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Accueil du site → Doctorat → États-Unis → 1974 → The significance of the subterranean termite, Heterotermes aureus (Snyder), as a detritivore in a desert grassland ecosystem

University of Arizona (1974)

The significance of the subterranean termite, Heterotermes aureus (Snyder), as a detritivore in a desert grassland ecosystem

Haverty, Michael Irving

Titre : The significance of the subterranean termite, Heterotermes aureus (Snyder), as a detritivore in a desert grassland ecosystem

Auteur : Haverty, Michael Irving

Université de soutenance : University of Arizona

Grade : Doctor of Philosophy (PhD) 1974

Résumé partiel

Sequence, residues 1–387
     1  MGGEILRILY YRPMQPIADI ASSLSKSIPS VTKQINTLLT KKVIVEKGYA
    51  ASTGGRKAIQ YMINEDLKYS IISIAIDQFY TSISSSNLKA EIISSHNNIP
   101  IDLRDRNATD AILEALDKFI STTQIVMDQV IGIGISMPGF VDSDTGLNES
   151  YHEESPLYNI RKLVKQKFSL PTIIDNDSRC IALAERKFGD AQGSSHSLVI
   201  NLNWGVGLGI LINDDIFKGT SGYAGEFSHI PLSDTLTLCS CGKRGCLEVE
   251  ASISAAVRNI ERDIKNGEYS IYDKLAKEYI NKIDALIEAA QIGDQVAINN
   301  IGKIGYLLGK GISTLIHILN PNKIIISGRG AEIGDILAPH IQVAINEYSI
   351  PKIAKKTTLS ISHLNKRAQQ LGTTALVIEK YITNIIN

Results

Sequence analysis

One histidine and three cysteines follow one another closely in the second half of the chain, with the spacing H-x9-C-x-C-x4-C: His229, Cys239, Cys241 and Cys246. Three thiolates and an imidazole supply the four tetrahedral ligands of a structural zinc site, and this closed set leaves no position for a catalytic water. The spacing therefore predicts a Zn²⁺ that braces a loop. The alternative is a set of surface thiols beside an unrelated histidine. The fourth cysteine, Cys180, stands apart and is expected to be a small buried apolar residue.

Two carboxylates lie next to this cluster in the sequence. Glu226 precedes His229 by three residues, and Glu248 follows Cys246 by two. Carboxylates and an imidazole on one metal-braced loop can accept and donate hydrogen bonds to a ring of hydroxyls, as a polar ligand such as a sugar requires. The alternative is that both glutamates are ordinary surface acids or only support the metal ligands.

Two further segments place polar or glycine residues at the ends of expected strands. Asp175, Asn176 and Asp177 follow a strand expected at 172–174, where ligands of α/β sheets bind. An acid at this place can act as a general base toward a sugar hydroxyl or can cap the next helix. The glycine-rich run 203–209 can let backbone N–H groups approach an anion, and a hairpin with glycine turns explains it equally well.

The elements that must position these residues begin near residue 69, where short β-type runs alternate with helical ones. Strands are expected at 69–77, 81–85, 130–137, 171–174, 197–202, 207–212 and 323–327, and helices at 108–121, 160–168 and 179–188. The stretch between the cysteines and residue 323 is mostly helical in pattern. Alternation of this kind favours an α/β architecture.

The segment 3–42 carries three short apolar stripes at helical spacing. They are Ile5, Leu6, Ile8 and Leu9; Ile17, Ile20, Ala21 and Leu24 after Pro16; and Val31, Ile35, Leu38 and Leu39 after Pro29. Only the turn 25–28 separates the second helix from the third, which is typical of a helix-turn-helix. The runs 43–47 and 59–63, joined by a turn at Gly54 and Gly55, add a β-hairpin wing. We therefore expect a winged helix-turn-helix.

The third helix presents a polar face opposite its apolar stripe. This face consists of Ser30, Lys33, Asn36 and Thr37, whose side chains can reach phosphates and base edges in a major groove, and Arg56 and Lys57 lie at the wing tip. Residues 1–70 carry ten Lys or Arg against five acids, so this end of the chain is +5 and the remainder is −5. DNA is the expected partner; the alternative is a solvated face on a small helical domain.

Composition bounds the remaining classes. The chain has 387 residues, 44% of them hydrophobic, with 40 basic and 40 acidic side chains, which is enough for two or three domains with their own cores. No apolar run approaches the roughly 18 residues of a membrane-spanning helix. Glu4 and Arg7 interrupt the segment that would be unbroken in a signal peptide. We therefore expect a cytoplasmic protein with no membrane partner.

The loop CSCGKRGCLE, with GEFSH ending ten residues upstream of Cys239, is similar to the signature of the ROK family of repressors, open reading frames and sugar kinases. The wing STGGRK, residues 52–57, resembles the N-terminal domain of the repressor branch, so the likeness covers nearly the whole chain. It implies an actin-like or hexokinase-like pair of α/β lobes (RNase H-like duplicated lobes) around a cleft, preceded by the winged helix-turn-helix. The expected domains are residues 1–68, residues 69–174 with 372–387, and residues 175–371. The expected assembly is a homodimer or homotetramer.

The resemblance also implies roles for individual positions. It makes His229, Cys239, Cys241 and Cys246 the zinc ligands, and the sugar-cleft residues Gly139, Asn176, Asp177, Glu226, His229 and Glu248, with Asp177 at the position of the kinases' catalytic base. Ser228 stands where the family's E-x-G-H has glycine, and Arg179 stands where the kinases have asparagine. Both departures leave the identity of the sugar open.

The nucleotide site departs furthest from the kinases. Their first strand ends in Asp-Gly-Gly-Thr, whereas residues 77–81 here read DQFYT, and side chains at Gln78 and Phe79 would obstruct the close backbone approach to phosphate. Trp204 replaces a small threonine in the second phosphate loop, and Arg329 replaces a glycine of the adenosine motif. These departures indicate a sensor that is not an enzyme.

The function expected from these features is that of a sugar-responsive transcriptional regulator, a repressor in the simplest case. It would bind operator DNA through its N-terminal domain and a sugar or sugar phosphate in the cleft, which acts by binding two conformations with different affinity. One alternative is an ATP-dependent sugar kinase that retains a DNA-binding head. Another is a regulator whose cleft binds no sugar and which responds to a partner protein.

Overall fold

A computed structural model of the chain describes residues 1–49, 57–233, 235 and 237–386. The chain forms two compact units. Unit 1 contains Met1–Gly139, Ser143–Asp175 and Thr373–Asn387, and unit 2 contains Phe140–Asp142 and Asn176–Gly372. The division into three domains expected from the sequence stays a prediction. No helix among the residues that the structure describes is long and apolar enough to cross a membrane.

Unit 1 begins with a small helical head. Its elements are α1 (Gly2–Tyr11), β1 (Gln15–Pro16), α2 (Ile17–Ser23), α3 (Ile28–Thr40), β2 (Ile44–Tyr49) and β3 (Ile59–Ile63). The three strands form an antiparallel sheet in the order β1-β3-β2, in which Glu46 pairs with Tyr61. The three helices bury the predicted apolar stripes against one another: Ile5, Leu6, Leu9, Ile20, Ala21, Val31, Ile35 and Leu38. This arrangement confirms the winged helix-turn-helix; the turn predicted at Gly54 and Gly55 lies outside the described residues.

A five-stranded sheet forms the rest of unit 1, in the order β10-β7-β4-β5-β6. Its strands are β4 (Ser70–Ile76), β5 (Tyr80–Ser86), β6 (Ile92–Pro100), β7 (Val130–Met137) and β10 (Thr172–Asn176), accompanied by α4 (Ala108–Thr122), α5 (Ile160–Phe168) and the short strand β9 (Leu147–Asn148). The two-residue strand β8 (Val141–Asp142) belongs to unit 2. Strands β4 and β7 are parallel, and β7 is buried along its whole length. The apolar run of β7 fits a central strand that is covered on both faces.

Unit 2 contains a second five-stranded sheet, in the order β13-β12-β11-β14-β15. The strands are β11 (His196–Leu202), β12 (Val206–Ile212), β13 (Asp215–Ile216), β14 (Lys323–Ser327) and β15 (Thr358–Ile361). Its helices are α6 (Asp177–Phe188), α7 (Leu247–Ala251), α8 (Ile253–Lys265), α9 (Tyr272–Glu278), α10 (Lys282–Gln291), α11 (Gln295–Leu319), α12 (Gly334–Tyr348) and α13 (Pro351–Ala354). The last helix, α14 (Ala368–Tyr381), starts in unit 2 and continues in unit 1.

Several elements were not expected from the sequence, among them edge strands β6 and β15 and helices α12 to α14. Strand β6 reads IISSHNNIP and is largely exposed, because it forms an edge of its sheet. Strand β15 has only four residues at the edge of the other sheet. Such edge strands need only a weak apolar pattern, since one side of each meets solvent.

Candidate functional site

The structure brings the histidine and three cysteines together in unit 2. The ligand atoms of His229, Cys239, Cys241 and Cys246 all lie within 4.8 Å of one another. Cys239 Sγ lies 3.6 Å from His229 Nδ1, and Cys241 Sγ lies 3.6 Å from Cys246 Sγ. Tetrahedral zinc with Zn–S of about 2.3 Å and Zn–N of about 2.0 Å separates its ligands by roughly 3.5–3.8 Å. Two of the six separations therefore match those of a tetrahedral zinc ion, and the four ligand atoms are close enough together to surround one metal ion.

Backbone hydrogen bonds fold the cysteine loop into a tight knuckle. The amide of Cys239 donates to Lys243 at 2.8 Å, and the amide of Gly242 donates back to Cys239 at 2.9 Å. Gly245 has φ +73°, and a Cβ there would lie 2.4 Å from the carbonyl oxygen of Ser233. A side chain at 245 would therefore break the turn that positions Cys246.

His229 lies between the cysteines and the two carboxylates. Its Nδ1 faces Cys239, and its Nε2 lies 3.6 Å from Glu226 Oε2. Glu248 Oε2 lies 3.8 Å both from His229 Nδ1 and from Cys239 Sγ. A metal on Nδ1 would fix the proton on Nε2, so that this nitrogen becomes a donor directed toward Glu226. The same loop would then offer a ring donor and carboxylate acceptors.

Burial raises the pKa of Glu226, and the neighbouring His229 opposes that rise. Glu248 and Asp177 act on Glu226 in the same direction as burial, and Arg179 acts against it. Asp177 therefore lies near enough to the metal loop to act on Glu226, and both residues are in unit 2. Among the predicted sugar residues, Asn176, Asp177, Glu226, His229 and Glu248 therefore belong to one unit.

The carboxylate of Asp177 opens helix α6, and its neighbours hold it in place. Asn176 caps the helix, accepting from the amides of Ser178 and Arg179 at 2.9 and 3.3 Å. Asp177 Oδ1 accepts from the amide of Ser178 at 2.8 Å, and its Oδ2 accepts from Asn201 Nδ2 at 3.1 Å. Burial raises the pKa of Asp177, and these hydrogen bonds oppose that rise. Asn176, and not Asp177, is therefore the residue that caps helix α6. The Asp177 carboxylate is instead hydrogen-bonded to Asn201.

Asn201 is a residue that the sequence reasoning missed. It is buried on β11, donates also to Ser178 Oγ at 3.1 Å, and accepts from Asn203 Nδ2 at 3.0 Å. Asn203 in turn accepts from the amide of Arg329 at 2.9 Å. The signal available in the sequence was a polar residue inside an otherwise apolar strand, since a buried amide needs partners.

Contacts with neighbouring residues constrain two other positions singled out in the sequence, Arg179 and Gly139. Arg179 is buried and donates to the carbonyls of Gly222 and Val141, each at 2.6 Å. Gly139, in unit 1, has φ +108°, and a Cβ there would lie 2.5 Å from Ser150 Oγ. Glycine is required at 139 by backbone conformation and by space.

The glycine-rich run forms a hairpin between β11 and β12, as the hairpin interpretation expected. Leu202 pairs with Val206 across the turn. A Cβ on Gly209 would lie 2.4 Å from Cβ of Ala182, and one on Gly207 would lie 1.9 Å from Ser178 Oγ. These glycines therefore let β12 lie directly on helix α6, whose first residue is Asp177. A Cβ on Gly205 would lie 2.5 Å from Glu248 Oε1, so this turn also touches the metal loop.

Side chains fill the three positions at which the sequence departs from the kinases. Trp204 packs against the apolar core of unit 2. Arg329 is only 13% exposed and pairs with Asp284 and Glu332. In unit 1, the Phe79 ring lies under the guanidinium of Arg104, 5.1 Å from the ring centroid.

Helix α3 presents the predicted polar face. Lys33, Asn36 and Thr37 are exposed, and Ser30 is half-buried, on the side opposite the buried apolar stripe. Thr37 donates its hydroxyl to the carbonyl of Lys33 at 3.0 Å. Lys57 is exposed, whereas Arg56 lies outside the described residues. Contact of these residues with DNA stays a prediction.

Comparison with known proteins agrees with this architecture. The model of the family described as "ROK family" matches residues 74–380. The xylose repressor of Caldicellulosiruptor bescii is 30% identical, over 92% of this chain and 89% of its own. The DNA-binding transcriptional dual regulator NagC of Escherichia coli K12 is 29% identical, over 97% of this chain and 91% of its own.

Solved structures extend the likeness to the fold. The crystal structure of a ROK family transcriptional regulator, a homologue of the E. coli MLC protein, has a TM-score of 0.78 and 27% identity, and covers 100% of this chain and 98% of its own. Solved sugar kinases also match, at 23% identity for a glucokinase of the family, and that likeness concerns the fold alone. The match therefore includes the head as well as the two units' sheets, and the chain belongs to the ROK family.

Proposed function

To evaluate the efficien cy of the subterranean term ite, Heterotermes aureus (Snyder), in removing sup erficial dead wood from a desert grassland ecosystem the follow ing parameters were examined : 1) size and dispersion of foraging populations, 2) production and a v a ila b ility of wood, 3) wood consumption rates, 4) preferences in selection of wood and 5) environmental control of foraging a c tiv ity . Field experiments were carried out in a shrub-invaded desert grassland ecotone on the Santa Rita Experimental Range, ca. 40 km south of Tucson, Arizona. F ifty randomly located c irc u la r quadrats were sampled to study relationships between term ite populations and wood abundance. A b a it sampling technique provided inform ation on environmental control of term ite foraging a c tiv ity , number of foragers, colony density and foraging te rrito rie s . Laboratory wood consumption rates were established using six constant temperatures and four wood species. A simple computer model was developed to synthesize results and to evaluate th is term ite’s ro le as a d e tritiv o re in th is ecosystem. From c irc le d ra t data i t is estimated th at there were 160 foraging groups or colonies per hectare and an average of 68,918 foraging term ites per hectare at any given moment during the year of study. There were an estimated 181 colonies and an average o f 37,800 foraging term ites per hectare as determined by the b a it samplingtechnique. Average colony foraging te rrito ry was 13.14 m . Foraging groups consisted of 97.2 percent larva-w orkers, 1.5 percent soldiers and 1.3 percent nymphs, larvae and pre-soldiers. Numbers or biomass of term ites was generally not correlated with amount of wood availab le. Standing crop biomass of superficial dead wood on the study s ite is 2127 kg per hectare. Five plant species represent 97.6 per cent of the biomass. Six plant species account fo r 96.4 percent of the 450 kg per hectare of sup erficial dead wood produced annually. Wood consumption by H. aureus is best described as a lin e a r or quadratic function re la tiv e to temperature. Maximum consumption occurred between 28 and 32°C regardless of wood species and a s ig n ific a n tly greater amount of blue palo verde, C. floridum , was con sumed than the other three wood species. H. aureus is a general feeder yet appears to prefer ch o lla, mesquite and catclaw over blue palo verde and other less abundant woods. This contrasts with its a b ility to consume s ig n ific a n tly greater amounts o f C. floridum in compulsory feeding tr ia ls . Surface foraging occurs throughout the year between 7 and 47°C, extreme temperatures between the food-soil interface and 15 cm in the s o il. Increased soil moisture increases foraging in te n s ity . Number of foragers on the b a it sampling grid at a given point in time may be predicted by the equation : In Y = -0.985 - 0.0761 T + 2.928 In T + 0.327 In R where Y = number of foragers at th at tim e, T = d aily mean temperature at food-soil interface and R = d aily r a in fa ll.


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